Deborah Doane is Director of the World Development Movement

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What Jeremy Corbyn gets right about the single market

Technically, you can be outside the EU but inside the single market. Philosophically, you're still in the EU. 

I’ve been trying to work out what bothers me about the response to Jeremy Corbyn’s interview on the Andrew Marr programme.

What bothers me about Corbyn’s interview is obvious: the use of the phrase “wholesale importation” to describe people coming from Eastern Europe to the United Kingdom makes them sound like boxes of sugar rather than people. Adding to that, by suggesting that this “importation” had “destroy[ed] conditions”, rather than laying the blame on Britain’s under-enforced and under-regulated labour market, his words were more appropriate to a politician who believes that immigrants are objects to be scapegoated, not people to be served. (Though perhaps that is appropriate for the leader of the Labour Party if recent history is any guide.)

But I’m bothered, too, by the reaction to another part of his interview, in which the Labour leader said that Britain must leave the single market as it leaves the European Union. The response to this, which is technically correct, has been to attack Corbyn as Liechtenstein, Switzerland, Norway and Iceland are members of the single market but not the European Union.

In my view, leaving the single market will make Britain poorer in the short and long term, will immediately render much of Labour’s 2017 manifesto moot and will, in the long run, be a far bigger victory for right-wing politics than any mere election. Corbyn’s view, that the benefits of freeing a British government from the rules of the single market will outweigh the costs, doesn’t seem very likely to me. So why do I feel so uneasy about the claim that you can be a member of the single market and not the European Union?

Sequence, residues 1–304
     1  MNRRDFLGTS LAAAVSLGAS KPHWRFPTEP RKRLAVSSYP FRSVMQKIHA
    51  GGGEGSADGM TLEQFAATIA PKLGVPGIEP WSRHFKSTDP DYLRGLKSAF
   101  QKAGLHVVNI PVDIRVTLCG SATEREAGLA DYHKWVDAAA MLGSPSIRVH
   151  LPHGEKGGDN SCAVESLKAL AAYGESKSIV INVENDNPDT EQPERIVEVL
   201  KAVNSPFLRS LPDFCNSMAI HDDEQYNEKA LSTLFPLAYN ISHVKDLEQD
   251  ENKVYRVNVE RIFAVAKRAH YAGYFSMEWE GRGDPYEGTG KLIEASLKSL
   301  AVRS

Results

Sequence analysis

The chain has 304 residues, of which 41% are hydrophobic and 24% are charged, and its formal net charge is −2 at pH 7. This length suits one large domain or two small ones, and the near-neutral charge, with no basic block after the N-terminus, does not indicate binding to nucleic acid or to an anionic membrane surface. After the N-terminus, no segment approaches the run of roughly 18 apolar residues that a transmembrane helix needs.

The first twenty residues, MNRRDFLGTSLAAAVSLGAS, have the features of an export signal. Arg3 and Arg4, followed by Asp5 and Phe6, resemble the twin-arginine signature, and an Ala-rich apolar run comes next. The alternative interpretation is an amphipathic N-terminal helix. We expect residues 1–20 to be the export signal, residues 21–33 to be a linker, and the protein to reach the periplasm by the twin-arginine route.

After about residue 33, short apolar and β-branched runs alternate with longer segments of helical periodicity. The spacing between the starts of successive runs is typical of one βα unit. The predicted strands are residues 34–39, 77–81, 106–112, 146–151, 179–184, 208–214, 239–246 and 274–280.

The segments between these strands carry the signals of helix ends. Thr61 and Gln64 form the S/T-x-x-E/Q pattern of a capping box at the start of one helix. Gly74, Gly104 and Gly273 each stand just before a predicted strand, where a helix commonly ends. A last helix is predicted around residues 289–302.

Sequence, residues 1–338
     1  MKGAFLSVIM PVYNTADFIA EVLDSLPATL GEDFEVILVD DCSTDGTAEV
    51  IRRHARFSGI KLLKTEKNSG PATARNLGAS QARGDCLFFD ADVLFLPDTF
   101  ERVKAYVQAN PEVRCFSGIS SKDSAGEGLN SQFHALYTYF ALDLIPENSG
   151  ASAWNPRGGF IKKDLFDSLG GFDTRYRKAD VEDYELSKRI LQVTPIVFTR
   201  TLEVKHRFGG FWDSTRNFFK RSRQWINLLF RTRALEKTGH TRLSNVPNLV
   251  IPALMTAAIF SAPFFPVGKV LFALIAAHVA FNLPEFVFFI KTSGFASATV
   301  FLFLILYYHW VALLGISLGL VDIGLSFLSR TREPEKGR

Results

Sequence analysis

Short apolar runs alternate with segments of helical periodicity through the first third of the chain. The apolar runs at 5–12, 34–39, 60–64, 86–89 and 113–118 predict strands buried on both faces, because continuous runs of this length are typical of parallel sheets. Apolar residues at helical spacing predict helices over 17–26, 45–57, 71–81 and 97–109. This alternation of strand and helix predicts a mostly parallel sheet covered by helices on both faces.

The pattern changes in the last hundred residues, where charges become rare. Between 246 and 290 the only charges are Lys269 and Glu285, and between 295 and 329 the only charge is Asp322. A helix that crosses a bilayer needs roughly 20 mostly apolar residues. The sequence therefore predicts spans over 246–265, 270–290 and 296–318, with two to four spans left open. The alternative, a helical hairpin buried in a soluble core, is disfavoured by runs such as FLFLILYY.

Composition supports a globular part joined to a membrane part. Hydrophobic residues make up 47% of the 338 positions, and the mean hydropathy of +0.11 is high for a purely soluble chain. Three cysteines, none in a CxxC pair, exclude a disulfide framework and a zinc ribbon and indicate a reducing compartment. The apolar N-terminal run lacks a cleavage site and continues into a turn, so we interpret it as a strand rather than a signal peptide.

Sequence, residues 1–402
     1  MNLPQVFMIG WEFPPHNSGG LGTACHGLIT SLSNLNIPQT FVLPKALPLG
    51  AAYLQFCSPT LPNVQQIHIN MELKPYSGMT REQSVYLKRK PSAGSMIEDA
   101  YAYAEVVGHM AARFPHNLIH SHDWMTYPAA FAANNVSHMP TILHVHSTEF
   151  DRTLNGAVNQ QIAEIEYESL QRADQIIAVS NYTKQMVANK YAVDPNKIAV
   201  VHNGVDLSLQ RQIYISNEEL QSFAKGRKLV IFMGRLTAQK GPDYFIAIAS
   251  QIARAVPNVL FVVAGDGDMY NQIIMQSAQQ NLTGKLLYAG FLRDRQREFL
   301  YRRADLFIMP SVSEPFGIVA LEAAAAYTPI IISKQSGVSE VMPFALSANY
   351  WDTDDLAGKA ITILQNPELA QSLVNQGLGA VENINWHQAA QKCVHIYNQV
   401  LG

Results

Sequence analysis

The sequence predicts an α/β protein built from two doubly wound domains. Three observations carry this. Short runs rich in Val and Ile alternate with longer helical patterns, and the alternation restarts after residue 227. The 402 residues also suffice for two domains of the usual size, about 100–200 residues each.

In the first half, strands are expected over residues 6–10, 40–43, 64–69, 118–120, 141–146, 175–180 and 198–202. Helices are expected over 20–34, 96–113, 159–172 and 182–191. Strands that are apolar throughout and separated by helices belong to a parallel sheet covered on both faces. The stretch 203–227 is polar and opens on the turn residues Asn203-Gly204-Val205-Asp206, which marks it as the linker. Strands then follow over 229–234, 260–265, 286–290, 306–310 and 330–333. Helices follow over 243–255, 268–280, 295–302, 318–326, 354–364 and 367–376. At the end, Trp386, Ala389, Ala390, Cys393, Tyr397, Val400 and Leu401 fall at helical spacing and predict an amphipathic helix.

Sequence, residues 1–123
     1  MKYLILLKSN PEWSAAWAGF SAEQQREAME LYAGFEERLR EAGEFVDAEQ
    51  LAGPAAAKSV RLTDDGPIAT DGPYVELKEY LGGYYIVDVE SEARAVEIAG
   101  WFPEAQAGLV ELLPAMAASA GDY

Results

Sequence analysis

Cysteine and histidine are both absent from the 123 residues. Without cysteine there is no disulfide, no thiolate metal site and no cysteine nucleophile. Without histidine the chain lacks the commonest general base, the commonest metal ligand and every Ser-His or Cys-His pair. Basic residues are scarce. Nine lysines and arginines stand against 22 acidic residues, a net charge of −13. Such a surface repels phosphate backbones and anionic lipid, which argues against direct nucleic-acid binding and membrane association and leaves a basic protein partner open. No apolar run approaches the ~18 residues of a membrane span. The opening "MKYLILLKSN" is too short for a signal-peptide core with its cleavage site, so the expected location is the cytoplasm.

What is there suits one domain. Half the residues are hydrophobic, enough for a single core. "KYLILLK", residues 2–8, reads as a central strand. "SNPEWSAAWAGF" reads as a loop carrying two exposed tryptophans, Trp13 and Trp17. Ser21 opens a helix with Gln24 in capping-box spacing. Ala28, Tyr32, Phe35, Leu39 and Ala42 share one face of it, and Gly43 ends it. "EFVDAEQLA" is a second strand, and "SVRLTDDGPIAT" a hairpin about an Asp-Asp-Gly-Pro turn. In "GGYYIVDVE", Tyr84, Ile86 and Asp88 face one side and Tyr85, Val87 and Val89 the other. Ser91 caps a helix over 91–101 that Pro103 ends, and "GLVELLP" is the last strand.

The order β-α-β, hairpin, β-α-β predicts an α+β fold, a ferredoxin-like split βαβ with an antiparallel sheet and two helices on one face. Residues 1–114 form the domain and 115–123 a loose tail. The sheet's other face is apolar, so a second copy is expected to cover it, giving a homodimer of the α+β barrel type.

I think it’s because the difficult truth is that these countries are, de facto, in the European Union in any meaningful sense. By any estimation, the three pillars of Britain’s “Out” vote were, firstly, control over Britain’s borders, aka the end of the free movement of people, secondly, more money for the public realm aka £350m a week for the NHS, and thirdly control over Britain’s own laws. It’s hard to see how, if the United Kingdom continues to be subject to the free movement of people, continues to pay large sums towards the European Union, and continues to have its laws set elsewhere, we have “honoured the referendum result”.

None of which changes my view that leaving the single market would be a catastrophe for the United Kingdom. But retaining Britain’s single market membership starts with making the argument for single market membership, not hiding behind rhetorical tricks about whether or not single market membership was on the ballot last June, when it quite clearly was. 

Stephen Bush is special correspondent at the New Statesman. His daily briefing, Morning Call, provides a quick and essential guide to domestic and global politics.